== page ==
The Beendoor Trojan can be spread using a variety of different tactics. There are many variants of it which are spread using various collectives. There may be many versions using the Beendoor name and alternatives as well. This allows the criminal collectives to launch a multitude of attacks bearing different versions of the malware.

One of the main techniques is the coordination of phishing email messages which coerce the victims to interact with the included content. They are designed to appear as legitimate notifications sent from well-known services and companies. The Beendoor Trojan files can be either attached or inserted as text links.

Hacker-made sites that pose as legitimate download portals, search engines and software product pages will scam the users into downloading and running the application. They are generally hosted on domains that sound similar to popular sources and may include self-signed security certificates.

To increase the number of infected victims the criminals can also place the Beendoor Trojan in payload carriers such as macro-infected documents and malware application bundles. They are widely downloaded from the Internet by end users and may be found on file-sharing sites as well like BitTorrent.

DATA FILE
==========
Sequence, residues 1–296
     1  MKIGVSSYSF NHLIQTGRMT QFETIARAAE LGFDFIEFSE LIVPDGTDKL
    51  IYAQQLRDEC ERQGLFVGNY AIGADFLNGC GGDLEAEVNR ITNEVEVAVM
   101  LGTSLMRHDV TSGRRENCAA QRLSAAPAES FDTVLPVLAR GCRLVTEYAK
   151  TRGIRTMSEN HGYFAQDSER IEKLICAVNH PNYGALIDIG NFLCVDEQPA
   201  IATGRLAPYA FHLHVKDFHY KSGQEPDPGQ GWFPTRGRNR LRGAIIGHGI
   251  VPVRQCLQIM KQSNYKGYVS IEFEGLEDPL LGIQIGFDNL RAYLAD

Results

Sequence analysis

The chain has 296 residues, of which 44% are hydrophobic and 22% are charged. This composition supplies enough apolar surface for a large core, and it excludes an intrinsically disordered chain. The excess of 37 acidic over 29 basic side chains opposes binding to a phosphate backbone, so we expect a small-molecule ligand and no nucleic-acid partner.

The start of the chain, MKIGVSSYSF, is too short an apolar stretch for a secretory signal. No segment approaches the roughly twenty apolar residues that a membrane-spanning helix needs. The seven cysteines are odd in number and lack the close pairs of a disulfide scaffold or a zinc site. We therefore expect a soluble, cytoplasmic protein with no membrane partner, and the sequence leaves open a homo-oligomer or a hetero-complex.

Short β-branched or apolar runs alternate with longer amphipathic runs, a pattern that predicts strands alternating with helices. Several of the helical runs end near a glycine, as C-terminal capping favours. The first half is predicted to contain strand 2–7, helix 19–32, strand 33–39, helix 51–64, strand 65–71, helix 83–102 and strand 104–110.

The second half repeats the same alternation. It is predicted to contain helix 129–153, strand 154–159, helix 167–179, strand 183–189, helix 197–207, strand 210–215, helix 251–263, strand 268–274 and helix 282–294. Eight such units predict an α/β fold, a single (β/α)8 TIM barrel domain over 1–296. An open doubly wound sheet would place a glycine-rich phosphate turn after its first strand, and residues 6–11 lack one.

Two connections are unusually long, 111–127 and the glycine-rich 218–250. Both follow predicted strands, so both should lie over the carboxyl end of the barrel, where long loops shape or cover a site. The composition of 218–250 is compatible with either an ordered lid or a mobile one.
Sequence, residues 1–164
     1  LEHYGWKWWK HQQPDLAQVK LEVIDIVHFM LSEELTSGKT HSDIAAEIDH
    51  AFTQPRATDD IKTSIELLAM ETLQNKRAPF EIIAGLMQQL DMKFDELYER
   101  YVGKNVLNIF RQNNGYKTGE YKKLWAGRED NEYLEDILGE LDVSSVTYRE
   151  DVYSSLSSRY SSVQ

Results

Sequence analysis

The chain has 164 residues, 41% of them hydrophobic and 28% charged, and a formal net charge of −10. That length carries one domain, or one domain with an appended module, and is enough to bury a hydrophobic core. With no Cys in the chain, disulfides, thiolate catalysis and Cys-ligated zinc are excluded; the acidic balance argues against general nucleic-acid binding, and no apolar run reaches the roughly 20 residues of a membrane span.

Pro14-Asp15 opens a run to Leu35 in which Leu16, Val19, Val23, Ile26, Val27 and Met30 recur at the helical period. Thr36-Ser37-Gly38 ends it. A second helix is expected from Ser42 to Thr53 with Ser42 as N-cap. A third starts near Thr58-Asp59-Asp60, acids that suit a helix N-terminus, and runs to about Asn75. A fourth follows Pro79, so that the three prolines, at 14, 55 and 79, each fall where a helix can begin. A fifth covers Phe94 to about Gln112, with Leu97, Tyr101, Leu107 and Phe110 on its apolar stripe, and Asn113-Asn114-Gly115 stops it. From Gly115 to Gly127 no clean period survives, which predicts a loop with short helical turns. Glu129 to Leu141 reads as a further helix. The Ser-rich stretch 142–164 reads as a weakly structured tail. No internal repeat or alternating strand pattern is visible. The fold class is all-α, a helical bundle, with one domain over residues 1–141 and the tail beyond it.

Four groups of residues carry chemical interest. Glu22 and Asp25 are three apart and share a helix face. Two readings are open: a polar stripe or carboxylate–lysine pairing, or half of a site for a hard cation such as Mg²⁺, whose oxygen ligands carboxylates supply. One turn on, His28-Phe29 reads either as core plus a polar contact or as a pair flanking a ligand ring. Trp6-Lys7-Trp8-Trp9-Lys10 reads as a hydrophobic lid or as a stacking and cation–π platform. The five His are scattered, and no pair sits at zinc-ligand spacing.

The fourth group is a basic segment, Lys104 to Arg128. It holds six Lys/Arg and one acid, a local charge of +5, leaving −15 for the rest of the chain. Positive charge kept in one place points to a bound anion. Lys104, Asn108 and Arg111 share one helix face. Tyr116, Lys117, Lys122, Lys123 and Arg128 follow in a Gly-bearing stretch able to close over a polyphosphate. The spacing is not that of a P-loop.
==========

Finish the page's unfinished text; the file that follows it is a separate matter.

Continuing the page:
Such infections can also be spread via browser hijackers which are dangerous web browser extensions that are usually uploaded to the repositories of the most popular browsers.

Beendoor – What Does It Do

The Beendoor Trojan upon execution will start its infection process as soon as the infection occurs. Its main goal is to start a secure and persistent connection to a hacker-controlled server. It allows the criminals to take over control of the affected computers, steal their data and deploy other threats.

Such malware can execute many different tactics depending on the exact attack campaign. Most of them are used in order to serve as payload carriers for other threats. Popular options are the following:

  • Data Theft — The Beendoor Trojan may include an information harvesting ability which is capable of acquiring data that ca directly expose the identity of the victim users.